Here is my recommendation for 2018: EAT FOR YOU.

Take a solo trip inside your own body with a goal of self-discovery. You deserve to own the shape of your body and the specific type of nutrition and exercise that works for you. Spend less time searching for motivation and more time moving your body, meditating in thought, and internalizing positive energy.

We spend so much time looking for motivation from social media and magazines. Why pay for a trainer or dietitian when Instagram has millions of videos on diet and exercise? Because a video won’t check in, ask if you’re sticking to your individual plan, encourage you to get to the grocery store, and remind you that patience and consistency are the winning qualities to lifelong health.  


TATERS! Don’t be afraid. They actually ARE good for you!

As a Dietitian, I am constantly confronted with what I call “Carbophobia” towards all things starch. Last weekend a friend said to me with excitement, “I’m off the wheat and grains!” Instead of congratulating her I replied with a simple question, “why would you do a thing like that?”

The human gut is a wondrous contraption, and there is not a food-frontier that hasn’t been explored by an adventurous foodie looking for the thrill of tasting, swallowing, and digesting. In my opinion, just because we can eat anything we want on this planet doesn’t mean that we should. Hence, the reason I am perplexed as to the purposeful elimination of foods that are safely grown and extremely healthy, such as grains and potatoes. Certainly, there are bona fide reasons why a person should not consume specific food allergens. However, before assuming that your gut is better off without something that you may have once regularly consumed, we must first question overall diet quality. Also, keep in mind that most humans can digest wheat gluten, yeast, and grains. It would be a shame to eliminate foods based on assumption instead of consulting your doc and testing for absolute proof of allergy or intolerance.

Humans have depended on the nutritional value of the potato going way back in history. Numerous books are dedicated to the feast-or-famine of civilizations in regards to potato crops. In the 1500’s, taters got a bad rap. They were thought to be poisonous, a dangerous aphrodisiac, and the cause of leprosy. It took serious persuasion from chemists and the threat of starvation to convince Europeans to consider the potato a staple in their meager diet of the time. Even Marie Antoinette wore potato blossoms in her hair as an act to persuade the people to trust in the nutritional value of tubers (although this didn’t last for very long knowing how it ended for poor Marie). Maybe her famous quote was misinterpreted and “Let them eat potatoes” was more like it.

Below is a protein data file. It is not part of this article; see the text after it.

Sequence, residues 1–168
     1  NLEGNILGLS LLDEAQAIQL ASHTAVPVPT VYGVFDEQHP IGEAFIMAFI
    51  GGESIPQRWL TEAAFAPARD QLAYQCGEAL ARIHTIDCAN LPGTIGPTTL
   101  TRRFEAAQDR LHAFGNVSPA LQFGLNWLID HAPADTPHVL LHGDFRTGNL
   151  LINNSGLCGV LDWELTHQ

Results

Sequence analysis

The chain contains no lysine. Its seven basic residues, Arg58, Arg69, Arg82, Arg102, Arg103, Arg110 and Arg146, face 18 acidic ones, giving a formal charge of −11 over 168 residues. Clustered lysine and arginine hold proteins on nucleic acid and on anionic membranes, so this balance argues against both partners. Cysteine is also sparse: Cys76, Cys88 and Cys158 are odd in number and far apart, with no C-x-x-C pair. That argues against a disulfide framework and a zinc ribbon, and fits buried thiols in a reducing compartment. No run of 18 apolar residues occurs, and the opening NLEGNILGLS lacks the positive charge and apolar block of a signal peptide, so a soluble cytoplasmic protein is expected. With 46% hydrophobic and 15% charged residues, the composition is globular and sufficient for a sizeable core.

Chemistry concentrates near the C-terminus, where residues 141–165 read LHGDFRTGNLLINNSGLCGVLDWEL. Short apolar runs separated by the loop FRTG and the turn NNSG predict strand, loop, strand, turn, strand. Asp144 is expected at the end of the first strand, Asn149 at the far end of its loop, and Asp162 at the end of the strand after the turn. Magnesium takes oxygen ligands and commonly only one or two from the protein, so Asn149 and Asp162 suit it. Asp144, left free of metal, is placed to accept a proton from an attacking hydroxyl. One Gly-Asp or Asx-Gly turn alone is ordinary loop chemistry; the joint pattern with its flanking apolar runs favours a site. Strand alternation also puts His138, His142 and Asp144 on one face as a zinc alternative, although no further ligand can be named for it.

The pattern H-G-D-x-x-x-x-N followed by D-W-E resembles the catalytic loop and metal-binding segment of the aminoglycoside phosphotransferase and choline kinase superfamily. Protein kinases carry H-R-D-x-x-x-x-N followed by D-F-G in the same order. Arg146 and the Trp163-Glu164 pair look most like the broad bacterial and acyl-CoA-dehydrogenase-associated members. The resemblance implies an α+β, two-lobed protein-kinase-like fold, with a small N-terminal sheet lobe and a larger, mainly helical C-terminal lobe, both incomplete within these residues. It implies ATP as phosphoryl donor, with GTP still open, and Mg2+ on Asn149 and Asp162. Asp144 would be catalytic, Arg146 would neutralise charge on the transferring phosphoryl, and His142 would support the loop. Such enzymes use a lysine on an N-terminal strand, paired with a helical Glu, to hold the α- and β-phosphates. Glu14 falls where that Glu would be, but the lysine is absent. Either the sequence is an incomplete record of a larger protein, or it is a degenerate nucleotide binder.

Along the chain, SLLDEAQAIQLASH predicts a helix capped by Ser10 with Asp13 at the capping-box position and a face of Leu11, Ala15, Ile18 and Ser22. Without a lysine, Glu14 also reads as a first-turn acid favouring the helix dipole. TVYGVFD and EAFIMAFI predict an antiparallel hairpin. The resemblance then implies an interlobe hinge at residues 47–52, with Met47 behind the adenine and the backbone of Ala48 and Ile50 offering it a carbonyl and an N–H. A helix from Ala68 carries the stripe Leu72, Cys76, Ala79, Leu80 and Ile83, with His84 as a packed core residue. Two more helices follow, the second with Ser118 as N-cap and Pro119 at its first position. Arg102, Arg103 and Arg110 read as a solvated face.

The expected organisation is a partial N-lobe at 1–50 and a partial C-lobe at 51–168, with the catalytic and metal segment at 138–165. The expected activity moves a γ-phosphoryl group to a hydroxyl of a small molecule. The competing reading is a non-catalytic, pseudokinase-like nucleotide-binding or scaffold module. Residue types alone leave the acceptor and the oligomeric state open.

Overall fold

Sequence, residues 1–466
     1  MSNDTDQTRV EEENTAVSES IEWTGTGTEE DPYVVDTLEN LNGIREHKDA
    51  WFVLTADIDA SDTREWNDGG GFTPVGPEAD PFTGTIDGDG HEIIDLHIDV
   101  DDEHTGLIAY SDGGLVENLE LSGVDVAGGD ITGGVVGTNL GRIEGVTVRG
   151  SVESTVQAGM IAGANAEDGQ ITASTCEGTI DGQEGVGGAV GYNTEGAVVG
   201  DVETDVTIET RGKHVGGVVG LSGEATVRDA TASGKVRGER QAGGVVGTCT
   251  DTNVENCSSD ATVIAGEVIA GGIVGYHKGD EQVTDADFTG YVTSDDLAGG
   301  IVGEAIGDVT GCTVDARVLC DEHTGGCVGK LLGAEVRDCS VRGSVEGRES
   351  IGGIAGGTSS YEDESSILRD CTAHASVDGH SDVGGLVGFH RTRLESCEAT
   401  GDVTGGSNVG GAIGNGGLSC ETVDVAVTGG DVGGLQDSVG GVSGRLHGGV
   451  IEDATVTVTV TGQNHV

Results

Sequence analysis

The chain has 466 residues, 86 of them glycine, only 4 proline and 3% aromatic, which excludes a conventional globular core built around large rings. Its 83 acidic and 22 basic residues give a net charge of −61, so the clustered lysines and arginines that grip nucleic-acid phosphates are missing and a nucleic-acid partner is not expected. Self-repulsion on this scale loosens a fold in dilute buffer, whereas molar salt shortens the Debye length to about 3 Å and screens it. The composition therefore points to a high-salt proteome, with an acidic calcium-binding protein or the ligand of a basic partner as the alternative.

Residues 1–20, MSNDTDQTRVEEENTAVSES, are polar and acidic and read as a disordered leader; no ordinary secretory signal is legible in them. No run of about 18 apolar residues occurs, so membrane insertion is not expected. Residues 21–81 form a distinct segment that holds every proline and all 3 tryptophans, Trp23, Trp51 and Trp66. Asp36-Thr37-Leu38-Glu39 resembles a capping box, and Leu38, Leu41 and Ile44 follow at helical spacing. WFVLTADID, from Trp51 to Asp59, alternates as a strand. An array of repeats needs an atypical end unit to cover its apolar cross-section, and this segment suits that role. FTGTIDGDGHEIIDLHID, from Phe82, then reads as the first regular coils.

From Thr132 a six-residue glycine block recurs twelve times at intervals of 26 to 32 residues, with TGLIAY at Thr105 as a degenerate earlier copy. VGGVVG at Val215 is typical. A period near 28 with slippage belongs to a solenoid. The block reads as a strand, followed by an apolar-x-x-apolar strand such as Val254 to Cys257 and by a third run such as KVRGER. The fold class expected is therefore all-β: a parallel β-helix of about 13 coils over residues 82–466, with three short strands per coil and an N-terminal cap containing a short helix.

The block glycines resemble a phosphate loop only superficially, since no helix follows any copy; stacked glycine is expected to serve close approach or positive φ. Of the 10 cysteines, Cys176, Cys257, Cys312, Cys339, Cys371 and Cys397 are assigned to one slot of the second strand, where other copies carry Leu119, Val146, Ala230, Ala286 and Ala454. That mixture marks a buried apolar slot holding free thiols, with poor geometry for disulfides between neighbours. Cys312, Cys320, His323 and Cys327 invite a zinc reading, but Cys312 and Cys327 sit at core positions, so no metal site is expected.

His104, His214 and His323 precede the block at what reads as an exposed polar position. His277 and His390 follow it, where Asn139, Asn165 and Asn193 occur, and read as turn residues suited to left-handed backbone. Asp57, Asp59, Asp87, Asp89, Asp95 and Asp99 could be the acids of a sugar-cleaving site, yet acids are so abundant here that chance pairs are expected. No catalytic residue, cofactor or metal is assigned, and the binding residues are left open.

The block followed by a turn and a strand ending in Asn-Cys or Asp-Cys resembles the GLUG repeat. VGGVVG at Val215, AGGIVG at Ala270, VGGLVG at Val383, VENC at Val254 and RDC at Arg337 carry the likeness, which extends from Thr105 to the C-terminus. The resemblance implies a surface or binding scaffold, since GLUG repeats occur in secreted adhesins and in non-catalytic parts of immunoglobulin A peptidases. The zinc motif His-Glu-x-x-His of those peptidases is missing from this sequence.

Potatoes are incredibly versatile to cook with and highly nutritious. Get ready to be surprised by the nutritional information of the glorious potato! In general, potatoes are kings of potassium, vitamin C, and fiber, just leave the skin on for maximum nutritional value. Sweet potatoes are similar with an additional boost of vitamin A. Potatoes are a little tricky to quantify because of size variation, but this is rather accurate:  

1 cup of Yukon Gold (8 oz by weight) is approximately 166 calories, 40 grams of carbohydrate, 0 grams of fat, 4.5 grams of fiber, and 4.5 grams of protein. YES, protein! Plants contribute to your daily intake of protein, as well. 1 cup of sweet potato is approximately 114 calories, 27 grams of carbohydrate, 0 grams of fat, 4 grams of fiber and 2 grams of protein. Go easy on the added fats, toss your taters with just about any spice known to man, and you have a healthy carbohydrate on your plate. Add roasted beets and carrots plus a serving of protein and Voilà! A low-fat, beautifully balanced meal. 

Take a look at this website for further information: https://www.potatogoodness.com

  Zoodles + sweet potatoes! 

Zoodles + sweet potatoes! 

Healthy. Affordable. Food.

Let’s be real- all the fancy pictures of food in blogs and feeds are awesome BUT probably took a lot more time to put together than most of us have. Convenience, budget, and practicality are priority for most households. Both parents work, students have jobs, and singles bust their buns trying to make ends meet. We aren’t often born knowing how to feed ourselves as we age and a lot of folks never learn! No wonder it’s so damn hard eating healthy.

Pictured is $25 well spent from Walmart. Recently I spent an hour helping my best gal pal put healthier meals together. She has 2 teenage daughters who eat very differently from each other, while she works 6 days per week. It's hard to know what's healthy let alone how to put it all together! The first task is simply to stock your kitchen. If the cupboards are full of items from the chip isle we have set ourselves up to make poor choices. Moderation works for some, while other folks need to keep it out of the house to begin with! Set your household up for success by excelling to expert status at the grocery store. 

  Fiber is the priority! 

Fiber is the priority! 

Can't BEET the science behind this Root Veggie

Beets are truly a gift from Mother Earth. Gorgeous in color and strong in flavor this root vegetable is rich in nutrients absorbed right out of the soil like folate, potassium, fiber, and iron. Beets are like Clark Kent with a super hero hidden inside of a common exterior. Rich in antioxidant capacity and anti-inflammatory, root veggies have what it takes to fight off the bad guys.